Two methodological quirks of surveys came to my attention courtesy of Cal. Mgt. Rev., Vol. 48, Winter 2006 at 32-33. According to research on surveys, two lawyers in the same law department may very well differ on how they characterize its practices, because “when two respondents at the same organization describe the workplace, their responses are only moderately correlated.” So, if a survey has one response from a law department that assesses its leadership, who knows if a second peer would give a decidedly different assessment.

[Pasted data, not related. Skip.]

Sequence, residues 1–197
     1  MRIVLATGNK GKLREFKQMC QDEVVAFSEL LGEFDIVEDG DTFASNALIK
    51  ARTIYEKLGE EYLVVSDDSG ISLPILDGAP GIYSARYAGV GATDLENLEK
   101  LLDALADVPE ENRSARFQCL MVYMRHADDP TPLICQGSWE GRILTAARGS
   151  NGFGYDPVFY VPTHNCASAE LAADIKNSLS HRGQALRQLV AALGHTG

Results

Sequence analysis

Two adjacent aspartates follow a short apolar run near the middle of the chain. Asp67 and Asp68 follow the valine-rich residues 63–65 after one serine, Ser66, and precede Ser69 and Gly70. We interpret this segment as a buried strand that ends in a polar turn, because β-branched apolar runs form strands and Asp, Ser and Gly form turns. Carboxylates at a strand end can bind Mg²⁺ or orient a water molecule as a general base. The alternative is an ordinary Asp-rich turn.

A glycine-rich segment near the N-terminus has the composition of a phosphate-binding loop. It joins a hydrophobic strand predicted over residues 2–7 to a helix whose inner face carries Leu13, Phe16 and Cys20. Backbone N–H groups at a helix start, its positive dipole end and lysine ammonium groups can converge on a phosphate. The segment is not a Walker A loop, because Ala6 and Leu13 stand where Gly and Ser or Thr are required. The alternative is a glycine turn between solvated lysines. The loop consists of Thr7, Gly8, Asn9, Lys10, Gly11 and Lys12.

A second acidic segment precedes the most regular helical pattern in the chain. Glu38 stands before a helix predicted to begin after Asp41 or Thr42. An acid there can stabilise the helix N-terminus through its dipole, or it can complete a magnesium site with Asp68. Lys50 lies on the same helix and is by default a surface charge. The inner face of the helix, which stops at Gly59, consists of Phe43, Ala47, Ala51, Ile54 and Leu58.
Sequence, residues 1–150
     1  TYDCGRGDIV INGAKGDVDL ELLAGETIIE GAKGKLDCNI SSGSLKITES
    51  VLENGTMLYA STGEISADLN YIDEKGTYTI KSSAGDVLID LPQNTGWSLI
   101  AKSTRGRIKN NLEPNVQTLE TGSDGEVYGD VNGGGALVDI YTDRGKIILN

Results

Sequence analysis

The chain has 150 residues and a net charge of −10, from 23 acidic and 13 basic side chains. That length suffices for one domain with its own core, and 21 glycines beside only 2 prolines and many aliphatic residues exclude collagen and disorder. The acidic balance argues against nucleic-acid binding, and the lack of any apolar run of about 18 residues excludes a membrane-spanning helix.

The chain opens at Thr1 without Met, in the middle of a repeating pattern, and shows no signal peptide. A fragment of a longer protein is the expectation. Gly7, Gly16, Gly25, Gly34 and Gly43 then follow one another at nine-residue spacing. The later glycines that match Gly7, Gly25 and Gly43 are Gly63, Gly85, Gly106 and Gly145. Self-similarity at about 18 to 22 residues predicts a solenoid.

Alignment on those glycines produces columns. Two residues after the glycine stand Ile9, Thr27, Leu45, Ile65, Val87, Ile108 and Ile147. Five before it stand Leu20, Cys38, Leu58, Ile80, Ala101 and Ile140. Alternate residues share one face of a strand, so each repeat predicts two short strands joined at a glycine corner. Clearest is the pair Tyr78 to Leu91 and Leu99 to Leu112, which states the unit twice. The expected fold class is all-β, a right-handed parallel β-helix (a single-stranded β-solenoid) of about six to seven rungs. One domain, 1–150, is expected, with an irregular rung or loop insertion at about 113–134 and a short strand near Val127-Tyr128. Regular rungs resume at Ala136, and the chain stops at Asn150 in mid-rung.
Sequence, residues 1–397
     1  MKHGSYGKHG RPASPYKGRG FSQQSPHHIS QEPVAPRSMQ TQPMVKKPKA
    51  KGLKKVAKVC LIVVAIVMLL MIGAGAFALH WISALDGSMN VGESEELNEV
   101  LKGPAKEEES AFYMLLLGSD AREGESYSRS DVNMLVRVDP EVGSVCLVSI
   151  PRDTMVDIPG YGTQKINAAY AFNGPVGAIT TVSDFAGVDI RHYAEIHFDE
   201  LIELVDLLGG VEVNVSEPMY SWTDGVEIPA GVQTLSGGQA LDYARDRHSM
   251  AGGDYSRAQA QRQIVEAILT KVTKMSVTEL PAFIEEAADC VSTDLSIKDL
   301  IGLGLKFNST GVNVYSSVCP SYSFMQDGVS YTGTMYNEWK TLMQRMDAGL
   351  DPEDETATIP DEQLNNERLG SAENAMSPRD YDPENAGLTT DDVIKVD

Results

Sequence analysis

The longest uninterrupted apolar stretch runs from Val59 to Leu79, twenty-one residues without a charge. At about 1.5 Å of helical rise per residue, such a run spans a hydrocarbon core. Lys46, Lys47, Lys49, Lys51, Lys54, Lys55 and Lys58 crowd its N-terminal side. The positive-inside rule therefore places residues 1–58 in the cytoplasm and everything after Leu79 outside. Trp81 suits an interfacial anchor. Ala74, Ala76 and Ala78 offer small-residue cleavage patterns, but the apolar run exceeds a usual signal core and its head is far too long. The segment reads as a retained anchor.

Toss in different views by levels – “when a manager responds about the workplace practices in the organization, that response is only weakly related to the practices that employees report – and accurate portrayal sags further. A general counsel gives one answer to a survey question, such as “To what degree do you reward creativity?” while a lawyer or administrator quite probably gives a different answer.